1636Views12Replies

Author Options:

LED car lighting problem! Answered

I put some LED's in car, connected them to door sensors, but ~2V still flowing trough when door is closed (I think because sensors are grounded to frame) and LED's stay barely lit. So I need something to stop current. What would be my best option?

12 Replies

user
iceng (author)2011-05-16

How did you wire the LEDs ??
A car has live plus DC and turns things ON by grounding them !

Select as Best AnswerUndo Best Answer

user
KozisKey (author)iceng2011-05-17

I found outputs (or inputs?) going from the fuse box to interior lighting. I wired them in series using 100 ohm resistor in front. I think maybe i should use voltage regulator. Could that help? I actually took a closer look at door switches, that as you said works by grounding, but it seems that they aren't really designed to be fully open.

Select as Best AnswerUndo Best Answer

user
iceng (author)KozisKey2011-05-17

I am assuming white LEDs although car buffs are a many colored group.

The immediate temporary solution is to put two or three !N4001 diodes
in series with the LED the diodes and will "stop" some current as you say
when you want the led (OFF) and will also reduce the (ON) current,
which you should have used a 470 ohm resistor.

The 100 ohm is pushing a harmful 100+ma through the LED, unless you
are using the Super Power LEDs.

The wiring still needs to be addressed as your regular lights do not glow.

A


Select as Best AnswerUndo Best Answer

user
KozisKey (author)iceng2011-05-17

Thanks for advice, I will try that out. The LED's are connected 4 in series with 22 ohm resistor. I was thinking about my other project parallel to this and accidentally wrote 100.

Select as Best AnswerUndo Best Answer

user
iceng (author)KozisKey2011-05-17

Very good 4 in series but WHAT Color ??
Needed to do the math.

A

Select as Best AnswerUndo Best Answer

user
KozisKey (author)iceng2011-05-17

5 mm blue LED's typical 3.3 V

Select as Best AnswerUndo Best Answer

user
iceng (author)KozisKey2011-05-17

Sorry, the four LEDs in series 3.3 x 4 = 13.2 VDC and 22 ohms or
the extra diodes 1N4001 will NOT Work !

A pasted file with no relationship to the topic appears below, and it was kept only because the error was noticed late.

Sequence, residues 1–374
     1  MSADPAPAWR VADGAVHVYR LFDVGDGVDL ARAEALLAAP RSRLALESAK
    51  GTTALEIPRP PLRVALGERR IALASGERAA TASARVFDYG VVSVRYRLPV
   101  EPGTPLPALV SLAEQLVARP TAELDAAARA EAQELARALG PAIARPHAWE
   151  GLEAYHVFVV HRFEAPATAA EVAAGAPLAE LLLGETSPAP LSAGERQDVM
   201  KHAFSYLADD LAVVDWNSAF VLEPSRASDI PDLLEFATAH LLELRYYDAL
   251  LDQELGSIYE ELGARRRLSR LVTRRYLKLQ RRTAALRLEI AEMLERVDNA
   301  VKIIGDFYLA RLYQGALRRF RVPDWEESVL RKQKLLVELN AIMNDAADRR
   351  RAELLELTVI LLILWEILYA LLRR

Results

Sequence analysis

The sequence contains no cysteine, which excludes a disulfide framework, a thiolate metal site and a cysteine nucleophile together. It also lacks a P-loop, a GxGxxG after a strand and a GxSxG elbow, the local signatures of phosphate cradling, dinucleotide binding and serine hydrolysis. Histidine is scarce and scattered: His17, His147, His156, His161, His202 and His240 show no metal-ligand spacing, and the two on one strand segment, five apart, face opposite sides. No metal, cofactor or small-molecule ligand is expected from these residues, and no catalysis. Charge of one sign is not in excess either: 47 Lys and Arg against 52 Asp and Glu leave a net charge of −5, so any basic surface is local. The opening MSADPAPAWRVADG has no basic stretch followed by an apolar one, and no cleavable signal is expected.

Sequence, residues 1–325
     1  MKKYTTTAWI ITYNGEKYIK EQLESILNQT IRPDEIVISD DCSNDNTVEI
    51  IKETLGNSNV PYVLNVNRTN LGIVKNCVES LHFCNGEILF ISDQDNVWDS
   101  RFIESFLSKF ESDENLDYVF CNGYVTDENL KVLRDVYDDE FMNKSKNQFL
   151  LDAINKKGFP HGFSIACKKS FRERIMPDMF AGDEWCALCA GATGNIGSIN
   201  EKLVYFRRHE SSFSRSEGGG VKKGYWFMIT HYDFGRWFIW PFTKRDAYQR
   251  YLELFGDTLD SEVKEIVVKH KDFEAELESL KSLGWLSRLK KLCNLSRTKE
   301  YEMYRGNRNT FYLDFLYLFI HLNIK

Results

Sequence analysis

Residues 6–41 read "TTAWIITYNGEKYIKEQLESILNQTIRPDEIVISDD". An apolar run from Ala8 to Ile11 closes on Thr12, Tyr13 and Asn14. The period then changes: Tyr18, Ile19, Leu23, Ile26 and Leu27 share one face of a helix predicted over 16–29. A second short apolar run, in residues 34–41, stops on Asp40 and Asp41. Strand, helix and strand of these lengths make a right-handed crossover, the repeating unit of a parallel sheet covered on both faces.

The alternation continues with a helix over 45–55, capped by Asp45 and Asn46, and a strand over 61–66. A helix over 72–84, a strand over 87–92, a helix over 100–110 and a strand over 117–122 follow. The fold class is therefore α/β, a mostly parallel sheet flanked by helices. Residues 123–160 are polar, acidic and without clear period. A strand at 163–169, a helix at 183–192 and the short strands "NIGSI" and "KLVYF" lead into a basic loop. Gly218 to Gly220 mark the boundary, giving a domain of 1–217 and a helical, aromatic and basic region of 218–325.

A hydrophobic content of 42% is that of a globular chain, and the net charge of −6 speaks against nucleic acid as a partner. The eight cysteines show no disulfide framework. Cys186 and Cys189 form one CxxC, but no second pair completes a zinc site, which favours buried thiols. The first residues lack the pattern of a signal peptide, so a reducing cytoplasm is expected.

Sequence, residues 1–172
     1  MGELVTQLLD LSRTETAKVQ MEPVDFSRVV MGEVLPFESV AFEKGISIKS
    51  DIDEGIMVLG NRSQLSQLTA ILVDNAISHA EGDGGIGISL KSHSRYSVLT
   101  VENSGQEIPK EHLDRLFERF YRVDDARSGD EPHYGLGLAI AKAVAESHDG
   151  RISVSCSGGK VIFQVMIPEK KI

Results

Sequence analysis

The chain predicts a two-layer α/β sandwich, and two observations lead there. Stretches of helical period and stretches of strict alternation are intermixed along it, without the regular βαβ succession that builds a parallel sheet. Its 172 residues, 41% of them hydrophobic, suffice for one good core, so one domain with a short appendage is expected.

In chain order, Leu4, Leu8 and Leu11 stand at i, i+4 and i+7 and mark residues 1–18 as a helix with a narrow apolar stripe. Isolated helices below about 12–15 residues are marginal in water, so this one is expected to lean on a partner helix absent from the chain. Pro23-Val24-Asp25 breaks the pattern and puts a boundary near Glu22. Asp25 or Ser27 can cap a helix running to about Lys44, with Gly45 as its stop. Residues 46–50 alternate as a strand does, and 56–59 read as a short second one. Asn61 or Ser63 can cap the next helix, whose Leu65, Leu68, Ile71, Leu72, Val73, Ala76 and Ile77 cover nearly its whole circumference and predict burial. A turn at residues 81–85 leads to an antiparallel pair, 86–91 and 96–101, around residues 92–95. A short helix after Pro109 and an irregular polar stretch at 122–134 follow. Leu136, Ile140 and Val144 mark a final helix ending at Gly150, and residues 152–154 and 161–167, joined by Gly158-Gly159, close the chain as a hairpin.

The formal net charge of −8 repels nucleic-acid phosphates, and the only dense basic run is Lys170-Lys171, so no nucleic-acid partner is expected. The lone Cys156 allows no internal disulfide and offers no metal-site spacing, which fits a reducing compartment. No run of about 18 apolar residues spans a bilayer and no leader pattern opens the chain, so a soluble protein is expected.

Something must be faulted the wiring or a component.

Here is a picture of 3 LEDs in series with a resistor flowing 15 ma
through a door switch to frame ground.      A

Select as Best AnswerUndo Best Answer

user
Re-design (author)2011-05-17

Do you have an alarm system. Some systems use the door switches to monitor the car and may be a closed loop alarm and have current flowing continually.

Select as Best AnswerUndo Best Answer

user
frollard (author)Re-design2011-05-17

My guess is similar to the alarm -- the car is monitoring if the lights are burnt out.

Are any of the existing car lights LED? Do they have a control driver board that is powered off that 2ish volts and only turns on the lights when its 12v?

Select as Best AnswerUndo Best Answer

user
KozisKey (author)frollard2011-05-17

No its a 1992. car. So back then they were using Incandescent light bulbs (I think they are cold in english). And I haven't found any control board.

Select as Best AnswerUndo Best Answer

user
frollard (author)KozisKey2011-05-17

Hmm...and they have 2v going to them at all times, even when off?

I can only think that's a bulb burnt out detection circuit then...

Select as Best AnswerUndo Best Answer

user
KozisKey (author)Re-design2011-05-17

No car doesn't have any alarm system, but maybe central locking works that way. If its so turning it of isn't an option because back doors doesn't have any manual switches.

Select as Best AnswerUndo Best Answer